Anqi Zhang – Minimally invasive neuroelectronics

Monday, April 1
2:00 pm - 3:00 pm

Grier A 34-401A

Neuroelectronic interfaces have enabled significant advances in both fundamental neuroscience research and the treatment of neurological disorders. However, current neuroelectronic devices have a clear trade-off between invasiveness and spatial resolution, and are unable to achieve seamless integration into the nervous system with cell-type specificity. In this talk, I will first introduce an ultra-small and flexible endovascular neural probe that can be implanted into sub-100-micron scale blood vessels in the brains of rodents without damaging the brain or vasculature. Second, I will describe a biochemically functionalized electronic probe that enables cell type- and neuron subtype-specific targeting and recording in the brain. Third, I will present a bottom-up approach for constructing neural interfaces from the cell surface, where neurons are genetically programmed to express membrane-localized enzymes that catalyze in situ assembly of functional materials. Finally, I will discuss future advances toward clinical translation of minimally invasive neuroelectronic interfaces capable of long-term monitoring and treatment of neurological disorders.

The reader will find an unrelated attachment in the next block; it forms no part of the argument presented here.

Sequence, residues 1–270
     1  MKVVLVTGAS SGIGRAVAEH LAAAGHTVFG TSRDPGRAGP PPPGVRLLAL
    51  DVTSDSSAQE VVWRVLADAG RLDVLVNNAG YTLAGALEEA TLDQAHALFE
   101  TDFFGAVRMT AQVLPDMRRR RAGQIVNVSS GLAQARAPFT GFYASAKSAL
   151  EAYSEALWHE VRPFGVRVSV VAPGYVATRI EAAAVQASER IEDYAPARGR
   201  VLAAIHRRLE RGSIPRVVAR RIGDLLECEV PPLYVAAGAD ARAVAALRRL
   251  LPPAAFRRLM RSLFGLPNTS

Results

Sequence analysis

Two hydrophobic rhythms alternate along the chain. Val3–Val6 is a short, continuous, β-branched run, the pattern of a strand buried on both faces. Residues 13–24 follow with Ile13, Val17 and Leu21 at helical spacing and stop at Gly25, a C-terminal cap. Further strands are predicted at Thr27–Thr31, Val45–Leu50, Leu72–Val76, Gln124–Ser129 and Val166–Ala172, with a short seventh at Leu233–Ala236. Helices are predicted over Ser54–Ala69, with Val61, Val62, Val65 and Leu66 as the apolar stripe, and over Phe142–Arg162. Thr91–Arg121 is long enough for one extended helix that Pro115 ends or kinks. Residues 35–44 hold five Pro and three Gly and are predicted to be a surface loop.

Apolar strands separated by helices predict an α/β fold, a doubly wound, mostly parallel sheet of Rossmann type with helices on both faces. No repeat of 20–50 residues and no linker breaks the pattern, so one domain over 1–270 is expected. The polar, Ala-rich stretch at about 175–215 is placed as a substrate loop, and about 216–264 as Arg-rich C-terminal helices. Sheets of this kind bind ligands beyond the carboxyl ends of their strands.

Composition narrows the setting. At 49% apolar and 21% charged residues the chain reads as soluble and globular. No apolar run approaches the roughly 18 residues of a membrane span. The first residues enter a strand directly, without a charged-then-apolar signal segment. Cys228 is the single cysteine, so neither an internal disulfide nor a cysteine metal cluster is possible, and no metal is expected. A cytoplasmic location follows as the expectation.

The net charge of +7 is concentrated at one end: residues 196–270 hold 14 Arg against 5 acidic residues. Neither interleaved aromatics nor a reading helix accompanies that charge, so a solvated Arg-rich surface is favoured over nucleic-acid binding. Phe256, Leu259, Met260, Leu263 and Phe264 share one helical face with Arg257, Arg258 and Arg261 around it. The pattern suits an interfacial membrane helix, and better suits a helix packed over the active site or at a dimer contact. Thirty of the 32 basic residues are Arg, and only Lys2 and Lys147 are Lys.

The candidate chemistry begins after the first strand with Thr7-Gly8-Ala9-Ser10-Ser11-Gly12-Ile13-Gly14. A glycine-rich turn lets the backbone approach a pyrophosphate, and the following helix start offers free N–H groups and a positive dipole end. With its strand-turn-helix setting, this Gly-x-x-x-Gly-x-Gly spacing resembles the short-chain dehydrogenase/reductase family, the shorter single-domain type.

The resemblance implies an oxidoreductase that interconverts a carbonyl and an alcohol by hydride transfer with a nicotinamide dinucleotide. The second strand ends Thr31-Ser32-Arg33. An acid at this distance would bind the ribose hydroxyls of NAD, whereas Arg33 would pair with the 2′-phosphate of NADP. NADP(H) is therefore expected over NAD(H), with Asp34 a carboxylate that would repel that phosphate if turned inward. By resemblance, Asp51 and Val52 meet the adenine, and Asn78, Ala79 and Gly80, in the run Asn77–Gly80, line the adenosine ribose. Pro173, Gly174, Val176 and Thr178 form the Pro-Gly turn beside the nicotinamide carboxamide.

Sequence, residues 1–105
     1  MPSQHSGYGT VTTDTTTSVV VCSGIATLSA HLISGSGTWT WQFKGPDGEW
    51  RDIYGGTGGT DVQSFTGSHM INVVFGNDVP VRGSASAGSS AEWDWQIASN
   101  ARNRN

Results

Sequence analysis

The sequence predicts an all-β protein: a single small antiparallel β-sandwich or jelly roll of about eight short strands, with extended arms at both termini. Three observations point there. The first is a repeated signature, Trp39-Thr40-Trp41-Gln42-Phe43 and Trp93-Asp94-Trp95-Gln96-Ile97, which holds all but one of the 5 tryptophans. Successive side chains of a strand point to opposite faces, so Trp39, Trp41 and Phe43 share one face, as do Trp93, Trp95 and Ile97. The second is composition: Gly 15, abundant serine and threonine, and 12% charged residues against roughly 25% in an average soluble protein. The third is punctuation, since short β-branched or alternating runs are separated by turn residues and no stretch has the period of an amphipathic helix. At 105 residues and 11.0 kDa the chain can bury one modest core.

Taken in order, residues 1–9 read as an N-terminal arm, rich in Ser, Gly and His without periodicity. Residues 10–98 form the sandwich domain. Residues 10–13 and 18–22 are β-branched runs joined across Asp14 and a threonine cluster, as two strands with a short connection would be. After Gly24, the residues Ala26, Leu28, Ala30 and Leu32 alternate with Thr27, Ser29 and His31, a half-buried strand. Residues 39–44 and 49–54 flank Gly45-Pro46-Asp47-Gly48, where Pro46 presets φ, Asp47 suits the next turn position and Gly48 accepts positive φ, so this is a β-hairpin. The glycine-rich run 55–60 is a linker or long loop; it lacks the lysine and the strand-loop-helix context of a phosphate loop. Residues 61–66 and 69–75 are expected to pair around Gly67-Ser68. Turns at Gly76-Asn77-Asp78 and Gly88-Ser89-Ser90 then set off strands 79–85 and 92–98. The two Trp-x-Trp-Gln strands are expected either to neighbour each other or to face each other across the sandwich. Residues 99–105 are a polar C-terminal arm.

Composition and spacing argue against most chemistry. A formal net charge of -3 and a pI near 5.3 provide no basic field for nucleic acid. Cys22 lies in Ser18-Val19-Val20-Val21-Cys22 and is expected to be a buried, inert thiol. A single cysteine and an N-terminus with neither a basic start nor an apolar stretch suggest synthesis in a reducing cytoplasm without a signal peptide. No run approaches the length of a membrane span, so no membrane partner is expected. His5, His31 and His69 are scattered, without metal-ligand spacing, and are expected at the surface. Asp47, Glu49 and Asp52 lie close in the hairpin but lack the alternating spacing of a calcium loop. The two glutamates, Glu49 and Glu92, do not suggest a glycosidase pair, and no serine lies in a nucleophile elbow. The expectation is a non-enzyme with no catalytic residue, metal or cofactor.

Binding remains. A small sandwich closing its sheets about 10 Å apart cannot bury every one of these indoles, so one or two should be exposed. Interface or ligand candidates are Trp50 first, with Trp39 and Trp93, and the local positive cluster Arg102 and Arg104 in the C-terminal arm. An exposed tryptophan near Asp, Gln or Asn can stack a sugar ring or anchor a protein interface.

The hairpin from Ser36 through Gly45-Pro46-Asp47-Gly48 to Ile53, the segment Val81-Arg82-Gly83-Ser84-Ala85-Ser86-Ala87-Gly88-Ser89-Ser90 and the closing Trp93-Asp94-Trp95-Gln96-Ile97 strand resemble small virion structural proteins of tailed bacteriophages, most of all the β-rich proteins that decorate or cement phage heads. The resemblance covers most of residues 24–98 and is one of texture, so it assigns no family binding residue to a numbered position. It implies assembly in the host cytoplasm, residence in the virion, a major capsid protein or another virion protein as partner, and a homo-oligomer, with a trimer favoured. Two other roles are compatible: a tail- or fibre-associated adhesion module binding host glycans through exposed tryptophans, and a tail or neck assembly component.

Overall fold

Dr. Anqi Zhang is currently a postdoctoral fellow co-advised by Professor Karl Deisseroth and Professor Zhenan Bao at Stanford University. She received her Ph.D. degree in Chemistry under the supervision of Professor Charles M. Lieber at Harvard University in 2020, and her B.S. degree in Materials Science at Fudan University in 2014. She is interested in combining novel electronic, chemical, and genetic tools to monitor and modulate neural circuits in a minimally invasive manner.


  • Date: Monday, April 1
  • Time: 2:00 pm - 3:00 pm
  • Category:
  • Location: Grier A 34-401A